One of the items on his site is the Sinchron, a sine-wave "clock" that interprets a typical, circular clock (displaying the current offset of seconds, minutes or hours as an angle from the vertical) in a graph (in which the offset is the cosine of that angle). By marking a point on the resulting cosine wave (or moving the wave past a fixed line) you can show the current time.

Hmm, I'll put up a more detailed explanation tomorrow, but for now, here's the code implemented as a screensaver - I should also admit that I wrote this primarily because Geoyd's implementation is a Mac-only screensaver :-D.


Hey there,

As a brief introduction, I'd like to explain the name of this blog so that you get some idea of what it's going to be. As the name implies, it's about programming - specifically, programming oriented around ideas.
Typically, I'll have an idea and then experiment with an implementation, exploring the idea by building code around it; by doing so, I come to better understand the vague concept that I started with and will (with any luck) have built something that I can later reuse. As my understanding grows, the implementation changes, and so the code as a whole grows quite organically, often sprouting in directions completely unrecognisable from the initial root.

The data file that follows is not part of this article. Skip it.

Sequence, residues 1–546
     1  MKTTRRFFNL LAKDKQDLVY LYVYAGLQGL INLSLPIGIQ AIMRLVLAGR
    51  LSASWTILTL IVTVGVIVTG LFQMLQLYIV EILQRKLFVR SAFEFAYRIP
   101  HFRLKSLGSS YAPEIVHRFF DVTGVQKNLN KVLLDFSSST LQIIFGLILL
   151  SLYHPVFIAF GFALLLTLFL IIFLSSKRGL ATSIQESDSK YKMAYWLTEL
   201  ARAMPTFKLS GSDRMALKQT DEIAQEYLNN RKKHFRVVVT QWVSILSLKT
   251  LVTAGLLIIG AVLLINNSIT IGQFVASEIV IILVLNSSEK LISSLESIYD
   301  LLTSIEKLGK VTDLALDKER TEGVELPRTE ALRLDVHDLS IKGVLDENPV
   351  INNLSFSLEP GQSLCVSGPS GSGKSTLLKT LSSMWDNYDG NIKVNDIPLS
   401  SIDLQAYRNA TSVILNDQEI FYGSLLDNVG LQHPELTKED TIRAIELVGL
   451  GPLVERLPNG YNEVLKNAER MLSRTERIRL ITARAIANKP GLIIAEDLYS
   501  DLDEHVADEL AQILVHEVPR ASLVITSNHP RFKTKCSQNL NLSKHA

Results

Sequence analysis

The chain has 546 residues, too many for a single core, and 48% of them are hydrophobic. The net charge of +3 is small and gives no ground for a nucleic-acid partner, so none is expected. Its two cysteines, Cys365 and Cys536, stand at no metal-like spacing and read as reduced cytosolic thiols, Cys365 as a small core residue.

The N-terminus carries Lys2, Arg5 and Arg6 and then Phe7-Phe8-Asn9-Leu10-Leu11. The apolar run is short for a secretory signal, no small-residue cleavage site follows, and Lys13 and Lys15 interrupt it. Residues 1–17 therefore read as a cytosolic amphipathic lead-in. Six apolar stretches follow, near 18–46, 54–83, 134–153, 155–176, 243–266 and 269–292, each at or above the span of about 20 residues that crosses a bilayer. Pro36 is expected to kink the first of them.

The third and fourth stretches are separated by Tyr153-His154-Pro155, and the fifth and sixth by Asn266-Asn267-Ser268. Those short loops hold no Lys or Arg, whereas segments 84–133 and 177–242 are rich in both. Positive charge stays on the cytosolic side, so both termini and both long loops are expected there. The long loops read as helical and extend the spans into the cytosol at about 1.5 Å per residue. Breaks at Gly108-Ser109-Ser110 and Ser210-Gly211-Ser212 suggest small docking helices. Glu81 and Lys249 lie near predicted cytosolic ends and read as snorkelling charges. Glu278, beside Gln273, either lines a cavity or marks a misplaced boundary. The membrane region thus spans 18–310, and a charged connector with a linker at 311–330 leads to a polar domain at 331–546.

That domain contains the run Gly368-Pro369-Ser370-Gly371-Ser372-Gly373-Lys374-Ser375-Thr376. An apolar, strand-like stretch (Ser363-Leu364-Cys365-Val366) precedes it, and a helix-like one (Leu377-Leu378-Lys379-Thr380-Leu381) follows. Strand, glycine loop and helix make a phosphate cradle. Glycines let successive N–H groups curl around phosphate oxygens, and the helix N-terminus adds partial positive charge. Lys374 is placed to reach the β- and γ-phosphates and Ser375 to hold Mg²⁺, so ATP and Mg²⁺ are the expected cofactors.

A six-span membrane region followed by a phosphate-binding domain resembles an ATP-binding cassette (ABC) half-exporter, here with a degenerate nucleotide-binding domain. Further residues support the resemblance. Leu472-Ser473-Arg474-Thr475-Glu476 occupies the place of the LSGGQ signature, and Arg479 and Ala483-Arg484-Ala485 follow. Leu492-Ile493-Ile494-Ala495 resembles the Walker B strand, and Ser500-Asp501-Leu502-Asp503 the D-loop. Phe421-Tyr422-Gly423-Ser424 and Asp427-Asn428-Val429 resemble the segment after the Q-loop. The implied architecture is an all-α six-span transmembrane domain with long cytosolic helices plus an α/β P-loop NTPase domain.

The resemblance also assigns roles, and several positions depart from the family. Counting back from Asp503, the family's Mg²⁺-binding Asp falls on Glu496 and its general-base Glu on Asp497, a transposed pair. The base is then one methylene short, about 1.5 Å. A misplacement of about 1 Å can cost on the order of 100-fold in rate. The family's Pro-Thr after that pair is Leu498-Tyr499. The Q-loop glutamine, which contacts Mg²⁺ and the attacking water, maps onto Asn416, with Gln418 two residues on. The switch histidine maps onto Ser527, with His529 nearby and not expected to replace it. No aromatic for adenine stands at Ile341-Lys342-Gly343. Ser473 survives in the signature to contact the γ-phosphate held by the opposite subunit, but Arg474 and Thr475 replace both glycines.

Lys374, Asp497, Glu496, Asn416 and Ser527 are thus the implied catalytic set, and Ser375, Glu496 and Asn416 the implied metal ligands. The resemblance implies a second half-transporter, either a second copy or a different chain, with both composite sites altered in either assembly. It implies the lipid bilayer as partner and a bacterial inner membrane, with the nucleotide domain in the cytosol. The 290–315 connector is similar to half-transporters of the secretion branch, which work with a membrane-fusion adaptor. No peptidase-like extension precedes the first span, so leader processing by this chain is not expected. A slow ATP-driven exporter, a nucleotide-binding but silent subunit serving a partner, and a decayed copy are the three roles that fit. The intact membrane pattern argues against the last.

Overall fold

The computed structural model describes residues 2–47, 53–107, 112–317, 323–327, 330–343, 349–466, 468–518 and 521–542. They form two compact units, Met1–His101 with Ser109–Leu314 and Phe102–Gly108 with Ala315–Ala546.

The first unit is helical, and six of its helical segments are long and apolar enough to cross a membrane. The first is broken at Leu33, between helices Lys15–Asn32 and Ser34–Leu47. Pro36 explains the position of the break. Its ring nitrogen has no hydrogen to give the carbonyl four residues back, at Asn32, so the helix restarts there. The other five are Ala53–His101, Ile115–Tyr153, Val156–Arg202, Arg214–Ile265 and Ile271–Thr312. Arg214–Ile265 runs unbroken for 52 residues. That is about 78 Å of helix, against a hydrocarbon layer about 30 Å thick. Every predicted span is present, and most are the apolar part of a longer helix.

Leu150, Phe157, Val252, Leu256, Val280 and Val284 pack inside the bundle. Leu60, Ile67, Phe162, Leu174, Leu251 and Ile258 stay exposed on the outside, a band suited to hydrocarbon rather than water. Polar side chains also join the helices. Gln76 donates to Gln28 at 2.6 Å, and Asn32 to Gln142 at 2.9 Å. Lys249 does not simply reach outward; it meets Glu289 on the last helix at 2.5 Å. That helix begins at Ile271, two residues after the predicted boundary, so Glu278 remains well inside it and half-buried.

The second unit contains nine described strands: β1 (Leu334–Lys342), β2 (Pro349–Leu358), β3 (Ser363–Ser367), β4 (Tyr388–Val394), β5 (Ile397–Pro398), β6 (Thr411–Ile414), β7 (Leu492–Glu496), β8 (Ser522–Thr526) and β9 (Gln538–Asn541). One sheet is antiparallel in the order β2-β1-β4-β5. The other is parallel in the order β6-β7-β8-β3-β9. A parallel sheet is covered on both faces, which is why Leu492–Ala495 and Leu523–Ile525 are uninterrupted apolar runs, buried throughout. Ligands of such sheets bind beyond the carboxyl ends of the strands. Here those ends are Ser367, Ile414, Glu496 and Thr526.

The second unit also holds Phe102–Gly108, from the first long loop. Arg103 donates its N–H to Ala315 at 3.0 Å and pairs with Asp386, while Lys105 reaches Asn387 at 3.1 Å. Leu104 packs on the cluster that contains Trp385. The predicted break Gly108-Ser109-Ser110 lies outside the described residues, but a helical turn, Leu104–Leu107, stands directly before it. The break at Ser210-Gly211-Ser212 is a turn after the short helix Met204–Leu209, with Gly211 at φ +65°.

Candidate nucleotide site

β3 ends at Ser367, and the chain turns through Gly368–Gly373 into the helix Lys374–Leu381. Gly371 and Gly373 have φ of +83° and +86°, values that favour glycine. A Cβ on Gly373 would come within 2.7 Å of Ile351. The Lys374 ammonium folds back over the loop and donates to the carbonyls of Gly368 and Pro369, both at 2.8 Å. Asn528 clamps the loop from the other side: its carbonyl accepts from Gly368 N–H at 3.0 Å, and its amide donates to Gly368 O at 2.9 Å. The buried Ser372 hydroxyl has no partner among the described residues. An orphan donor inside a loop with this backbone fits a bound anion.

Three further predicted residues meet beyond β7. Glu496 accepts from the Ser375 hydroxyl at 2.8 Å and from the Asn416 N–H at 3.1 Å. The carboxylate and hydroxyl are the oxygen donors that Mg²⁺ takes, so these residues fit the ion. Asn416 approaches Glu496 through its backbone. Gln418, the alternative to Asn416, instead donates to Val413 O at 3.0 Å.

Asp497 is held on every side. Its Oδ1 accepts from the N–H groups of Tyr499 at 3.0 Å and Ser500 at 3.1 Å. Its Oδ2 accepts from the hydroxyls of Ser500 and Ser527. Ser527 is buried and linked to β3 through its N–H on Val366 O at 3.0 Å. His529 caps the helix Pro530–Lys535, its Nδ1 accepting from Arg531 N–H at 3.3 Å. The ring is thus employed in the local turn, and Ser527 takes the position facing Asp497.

Sometimes the ideas aren't mine (in which case I'll give due credit) but the implementation piques my interest. In other cases, the idea is interesting but the implementation is impractical - hopefully here I'll inspire someone else to pick up where I left off.

In any case, often as not, trying to explain this haphazard sequence of thoughts and code-revisions is difficult. You start at the beginning and have to meander through all the following changes before you finally reach the current state of a project, by which point you've likely lost the listener (if not yourself) along the way. Trying to write a document or comments which explain what's going on is even worse, at least for me, because I can't write documents. Just can't. Write code, yes; write English, no. So instead, I'm going to make notes as I go, put them in this blog and add links to relevant code (which I'm currently storing on my CodePlex account) and we'll take this crazy journey together.